In my case, the TV-85 is more of an easy grab-and-go all-around telescope.

 

One comment i would have is the TV-76 is even more "front-heavy" and generally more

challenging to balance.  That's why Tele Vue sells the APB-1008 "Balance Aid" for the

TV-76 -- IMO while it helps, the TV-76 is still more front-heavy than the TV-85.

 

If I were to choose one of the two to buy or keep, it would be hands-down the TV-85,

unless wider views were the major priority.  The aperture is a slight plus, but easier

balancing is also a practical consideration.


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#22 TareqPhoto

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Posted 03 December 2021 - 01:54 AM

Did you read GGKs posts? He wants a doublet, in part because of quicker thermal acclamation.

 

Personally.. I have a William Optics 80 mm F/7 FPL-53 doublet. It has excellent optics and very good me mechanicals.  I sits between the TV-76 and 85.  I like my TV NP-101 a great deal but I think a doublet like my WO are viable alternatives to the TeleVue scopes.

 

The StellarVue 80 mm Access would be a similar scope but has also been discontinued. 

 

 

 

 

Jon

Ah ok, i thought it was about size or weight only, anyway, going with either scope won't be a regret.



#23 gzljh96

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Posted 03 December 2021 - 06:43 AM

I might be beating a dead horse here, but if OP is only doing visual, there's the Borg 72FL which is a fluorite doublet with its lens made by Canon-Optron, and it is usually configured with a Feathertouch. It's about the same price as the TV76 I believe.


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#24 TareqPhoto

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Posted 03 December 2021 - 07:14 AM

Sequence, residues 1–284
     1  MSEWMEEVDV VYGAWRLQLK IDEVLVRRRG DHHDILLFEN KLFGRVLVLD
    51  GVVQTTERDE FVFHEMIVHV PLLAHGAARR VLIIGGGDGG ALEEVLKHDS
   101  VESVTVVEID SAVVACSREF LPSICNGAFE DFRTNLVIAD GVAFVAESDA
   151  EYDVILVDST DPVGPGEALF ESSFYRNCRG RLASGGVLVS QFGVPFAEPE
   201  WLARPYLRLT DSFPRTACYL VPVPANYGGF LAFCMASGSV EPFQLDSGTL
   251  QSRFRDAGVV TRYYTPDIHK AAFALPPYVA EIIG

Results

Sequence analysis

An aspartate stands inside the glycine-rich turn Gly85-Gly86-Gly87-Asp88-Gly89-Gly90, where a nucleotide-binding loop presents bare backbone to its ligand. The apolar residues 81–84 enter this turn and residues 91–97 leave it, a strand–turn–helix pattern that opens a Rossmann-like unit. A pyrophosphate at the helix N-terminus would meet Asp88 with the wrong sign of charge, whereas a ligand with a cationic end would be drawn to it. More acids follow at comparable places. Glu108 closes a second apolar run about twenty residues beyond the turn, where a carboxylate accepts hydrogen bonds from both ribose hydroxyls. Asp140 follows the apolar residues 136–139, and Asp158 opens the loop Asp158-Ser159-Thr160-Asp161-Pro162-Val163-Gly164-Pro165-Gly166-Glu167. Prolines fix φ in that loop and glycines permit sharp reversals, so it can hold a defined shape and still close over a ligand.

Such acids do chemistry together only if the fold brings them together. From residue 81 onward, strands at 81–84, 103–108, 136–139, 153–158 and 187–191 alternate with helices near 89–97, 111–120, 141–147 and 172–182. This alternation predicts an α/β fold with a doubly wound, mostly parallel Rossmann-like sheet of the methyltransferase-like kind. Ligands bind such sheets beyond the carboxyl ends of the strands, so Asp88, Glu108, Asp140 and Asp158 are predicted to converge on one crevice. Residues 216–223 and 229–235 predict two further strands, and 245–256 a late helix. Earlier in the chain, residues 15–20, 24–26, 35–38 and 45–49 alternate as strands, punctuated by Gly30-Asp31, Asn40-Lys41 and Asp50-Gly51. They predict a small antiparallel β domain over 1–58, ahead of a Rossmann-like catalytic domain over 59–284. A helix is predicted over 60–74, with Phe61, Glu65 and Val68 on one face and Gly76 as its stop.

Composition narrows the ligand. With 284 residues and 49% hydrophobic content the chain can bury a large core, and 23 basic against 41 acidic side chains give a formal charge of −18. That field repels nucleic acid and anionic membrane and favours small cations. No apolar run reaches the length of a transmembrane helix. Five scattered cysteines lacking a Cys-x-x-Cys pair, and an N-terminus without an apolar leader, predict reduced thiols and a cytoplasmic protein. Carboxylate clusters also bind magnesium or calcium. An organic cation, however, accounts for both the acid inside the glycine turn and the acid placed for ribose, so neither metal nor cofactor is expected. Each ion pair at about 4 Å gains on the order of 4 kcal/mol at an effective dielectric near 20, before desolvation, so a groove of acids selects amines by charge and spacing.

There is a Fluorite doublet which is Takahashi FS-60CB, dunno why this is not god enough, so my FPL-53 doublet is better than this Fluorite doublet for example? This thread is nice, but are we comparing optics quality or aperture or cooling time or prices?



#25 MortonH

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Posted 03 December 2021 - 07:19 AM

I have a TV-76, and a TV-85, both green.

 

In my case, the TV-76 is a semi-dedicated white light solar telescope with a Herschel Wedge.

In my case, the TV-85 is more of an easy grab-and-go all-around telescope.

 

One comment i would have is the TV-76 is even more "front-heavy" and generally more

challenging to balance.  That's why Tele Vue sells the APB-1008 "Balance Aid" for the

TV-76 -- IMO while it helps, the TV-76 is still more front-heavy than the TV-85.

 

If I were to choose one of the two to buy or keep, it would be hands-down the TV-85,

unless wider views were the major priority.  The aperture is a slight plus, but easier

balancing is also a practical consideration.

Don't you mean rear heavy? The balance aid moves the scope forward to compensate for the weight at the focuser end.